Tag Archives: Rhododendron

What the heck is Integrated Pest Management?

Besides being wonderful, IPM–Integrated Pest Management–is a sustainable, environmental approach to managing insect pests in our gardens and other managed urban and suburban landscapes. The acronym need not be mysterious or intimidating, on the contrary, IPM will become your “Go To” once you get to know it!

Friends of Foes? Psocids, also known as bark lice, hanging out on a Cherry Tree. Psocids are fungivores, not damaging to the tree. (photo : adele medina o’dowd)

IPM Control Tactics start to finish…

Monitor Key Pests and Key Plants : Learn what to look for in your own garden and decide which areas, plants and trees are most important to you. (If, for example, Azaleas and Rhododendrons are important, get help from the UMD extension office website.) Get assistance in diagnosing and strategizing, as needed. Pruning by Design can help you with this!

Cultural and Sanitation Practices : Add biodiversity and native plants to your yard, include disease resistant plants, maintain plant health, mulch, reduce habitat and soil stresses. Make sure irrigation is not too much or too little. PbD can help you with this!

Mechanical and Physical Controls : PbD can help you with this! PRUNE! Prune out infestations and hand pick to remove problem insect pests, use high pressure water spray to blast them off. Prune to encourage airflow and remove disease vectors.

Biological Controls : Implement these after working with other good plant health care practices, encourage or establish predatory insects such as lacewings and lady beetles to pray on pests like aphids, attract and support birds in your own garden, add beneficial nematodes in your soil, strive for a natural balance of predator and pray insects in your yard so that pest outbreaks are less likely. PbD can help you with this!

Chemical Controls : Last Resort, use organic and inorganic pesticides only on a prescription basis, applied by professionals. There is real and present danger for pollinators and other beneficial insects, as well as humans, when they are used in our neighborhoods. Check out your pesticides with the OMRI, Organic Materials Review Institute. PbD does not use chemical controls.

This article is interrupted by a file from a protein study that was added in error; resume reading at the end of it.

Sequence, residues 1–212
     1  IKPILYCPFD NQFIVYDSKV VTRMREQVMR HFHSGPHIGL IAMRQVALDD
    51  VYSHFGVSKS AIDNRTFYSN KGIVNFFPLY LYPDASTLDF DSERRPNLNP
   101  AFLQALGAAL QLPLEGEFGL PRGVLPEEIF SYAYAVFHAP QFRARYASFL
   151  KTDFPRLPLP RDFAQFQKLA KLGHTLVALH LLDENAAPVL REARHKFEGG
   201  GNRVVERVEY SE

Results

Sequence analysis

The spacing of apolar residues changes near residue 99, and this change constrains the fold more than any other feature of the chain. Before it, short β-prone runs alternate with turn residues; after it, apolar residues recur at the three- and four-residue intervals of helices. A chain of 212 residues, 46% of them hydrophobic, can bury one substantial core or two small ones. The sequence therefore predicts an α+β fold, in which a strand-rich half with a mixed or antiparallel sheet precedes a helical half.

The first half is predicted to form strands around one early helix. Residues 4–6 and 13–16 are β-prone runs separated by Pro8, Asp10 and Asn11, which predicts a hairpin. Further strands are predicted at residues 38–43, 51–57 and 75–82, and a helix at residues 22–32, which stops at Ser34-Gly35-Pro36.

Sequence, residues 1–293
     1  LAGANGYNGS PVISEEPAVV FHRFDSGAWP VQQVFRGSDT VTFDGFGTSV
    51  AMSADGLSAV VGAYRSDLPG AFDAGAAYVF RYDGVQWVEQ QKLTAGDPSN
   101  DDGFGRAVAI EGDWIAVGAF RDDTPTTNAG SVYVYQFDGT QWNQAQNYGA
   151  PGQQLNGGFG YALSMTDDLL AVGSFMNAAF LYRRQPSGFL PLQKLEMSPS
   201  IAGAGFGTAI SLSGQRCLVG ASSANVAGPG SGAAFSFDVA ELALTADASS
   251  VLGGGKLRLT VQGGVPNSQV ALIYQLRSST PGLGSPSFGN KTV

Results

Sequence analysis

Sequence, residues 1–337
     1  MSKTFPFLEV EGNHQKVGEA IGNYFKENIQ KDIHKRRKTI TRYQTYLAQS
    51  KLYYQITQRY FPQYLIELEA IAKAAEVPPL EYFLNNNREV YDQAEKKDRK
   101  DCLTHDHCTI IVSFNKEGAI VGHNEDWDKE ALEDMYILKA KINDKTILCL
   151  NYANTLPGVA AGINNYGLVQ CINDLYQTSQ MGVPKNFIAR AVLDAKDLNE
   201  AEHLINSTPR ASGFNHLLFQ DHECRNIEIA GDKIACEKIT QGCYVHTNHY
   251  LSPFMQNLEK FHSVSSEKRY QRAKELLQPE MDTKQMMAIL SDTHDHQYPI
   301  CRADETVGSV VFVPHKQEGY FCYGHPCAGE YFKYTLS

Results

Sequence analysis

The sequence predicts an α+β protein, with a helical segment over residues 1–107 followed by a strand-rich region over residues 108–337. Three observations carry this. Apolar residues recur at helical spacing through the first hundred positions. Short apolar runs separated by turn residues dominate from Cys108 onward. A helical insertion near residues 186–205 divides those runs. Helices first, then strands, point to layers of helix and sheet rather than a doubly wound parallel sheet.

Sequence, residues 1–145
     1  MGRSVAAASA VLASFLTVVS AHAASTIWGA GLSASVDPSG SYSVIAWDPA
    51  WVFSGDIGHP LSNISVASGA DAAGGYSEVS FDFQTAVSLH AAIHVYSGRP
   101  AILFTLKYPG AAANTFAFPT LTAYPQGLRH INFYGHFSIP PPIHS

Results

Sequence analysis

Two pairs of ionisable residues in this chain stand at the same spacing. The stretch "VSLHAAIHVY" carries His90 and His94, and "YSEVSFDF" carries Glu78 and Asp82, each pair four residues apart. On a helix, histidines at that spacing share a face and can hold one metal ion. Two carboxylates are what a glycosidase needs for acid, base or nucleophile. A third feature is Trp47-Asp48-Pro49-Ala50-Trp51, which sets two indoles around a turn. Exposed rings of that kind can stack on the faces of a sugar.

Don’t use fertilizers. Nitrogen, common in nearly every fertilizer, can actually promote secondary pest outbreaks that are worse than the first infestation, sigh!

Azalea pruning time is NOW

This azalea branch below is toooooo long and growing horizontally into the plant.  It will break someday.  That’s not great for the shrub!Azalea pruning time

Azaleas are very tough so after they bloom and after the new leaves have flushed out, it’s time to prune in your area.  In the Washington, DC area, the time is now – late June.


Azalea pruning time

Find a joint where there are too many branches (see below). Make a diagonal cut with the longer side of the cut on the side where you’d like new growth to appear or continue growing.  This joint has many other branches growing vertically which can be encouraged to grow upward rather than sideways.  Azaleas can take very hard pruning.  It’s very hard to make a mistake with Azaleas (a type of Rhododendron).
Azalea pruning time

Here (below) is the “after” view of the joint with the new cut.  This is a good, clean cut outside the branch collar.  The long horizontal branch that was there before is no longer crossing into the shrub.  Growth is encouraged to grow up and outwards allowing light and air into the interior of the shrub!

pruningbydesign@gmail.com can help you prune Azaleas for health, beauty and a long life.  write to us today!


Azalea pruning time